Think simplicity. This week we’ll look at the third piece of Reynolds’ book that explores the design process of a presentation. Simplicity is a key idea found in the Zen arts such as the tea ceremony or haiku. As we explore these chapters, you’ll realize that simplicity doesn’t necessarily mean easy, in fact, it’s hard. […]
This week we’ll look at the third piece of Reynolds’ book that explores the design process of a presentation. Simplicity is a key idea found in the Zen arts such as the tea ceremony or haiku. As we explore these chapters, you’ll realize that simplicity doesn’t necessarily mean easy, in fact, it’s hard. While simple solutions are not the easiest to find for the presenter, they’ll be the easiest to use and process for the end user.
Amplify the Meaning
The use of slides and visuals in your presentations should be used to help tell your story; they should flow naturally with your talk rather than be a distraction to what you’re saying. Choose visuals that are powerful and produce greater clarity for your audience. Visuals should evoke emotion for your audience and help make your words memorable. Reynolds highlights three concepts in Zen to keep in mind when considering design in a presentation: Kanso (simplicity), Shizen (naturalness), and Shibumi (elegance). Think open space and careful reduction of the non-essentials to obtain simplicity in your design.
A good picture is worth a thousand words—this is an important element in the design process for presentations. Use slides and visuals that contain images that direct the eye to the important elements of your presentation. Images are a powerful and natural way to communicate and can significantly increase your audience’s retention of your presentation. A good quote can also enhance your credibility and will be more effective than a long list of bullet points to read on the screen. Project Zen suggests four principles that are important in slide and presentation design:
- Contrast – This helps the viewer focus on the point quickly. It can be achieved through the use of space, color choices, text selection, or positioning of the slides images and elements.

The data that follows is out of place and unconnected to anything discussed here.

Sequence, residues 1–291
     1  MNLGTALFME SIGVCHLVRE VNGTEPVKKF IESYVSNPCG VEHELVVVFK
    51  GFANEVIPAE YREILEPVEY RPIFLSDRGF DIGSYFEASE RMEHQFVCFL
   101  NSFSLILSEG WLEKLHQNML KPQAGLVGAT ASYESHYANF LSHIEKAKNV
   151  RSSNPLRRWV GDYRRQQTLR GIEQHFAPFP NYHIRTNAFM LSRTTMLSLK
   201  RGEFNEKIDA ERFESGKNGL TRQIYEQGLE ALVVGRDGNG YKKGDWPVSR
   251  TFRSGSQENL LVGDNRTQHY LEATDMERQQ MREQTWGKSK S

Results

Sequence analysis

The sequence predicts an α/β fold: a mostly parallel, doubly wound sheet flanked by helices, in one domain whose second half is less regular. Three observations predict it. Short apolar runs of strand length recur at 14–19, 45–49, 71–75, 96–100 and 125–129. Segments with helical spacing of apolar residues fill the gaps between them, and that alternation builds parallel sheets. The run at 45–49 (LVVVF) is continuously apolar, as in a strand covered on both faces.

- Repetition – Use the same or similar elements throughout your design to create a sense of unity, consistency and cohesiveness.
- Alignment – Every element of your presentation should connect with an “invisible line.” Your audience may not be aware of this concept, but the end result will be a sense of unity and quick understanding.
- Proximity – Your audience should never question what graphic or image belongs with which text or subtitle. Look at your presentation and evaluate if things are grouped together, that it appears organized, and consider the path that your eye naturally takes.
What is the end result you want to achieve through your presentations? Hopefully you want the information you present to stick; to be something people remember as they walk out your doors and into their every day lives. In creating a design for your presentation, the effective and strategic use of visuals and images will help create a memory of the story you present and the bottom line of your message.
Think on This
Consider an upcoming presentation: What images or visuals could you use to enhance your message? Why are images so important in making a presentation memorable? What are you communicating in the design of things in your ministry? (Think of things such as your lesson presentations, hard copy communication pieces, websites, or even your room design.) How can you make your message memorable for the kids, students, and families you’re ministering to each week?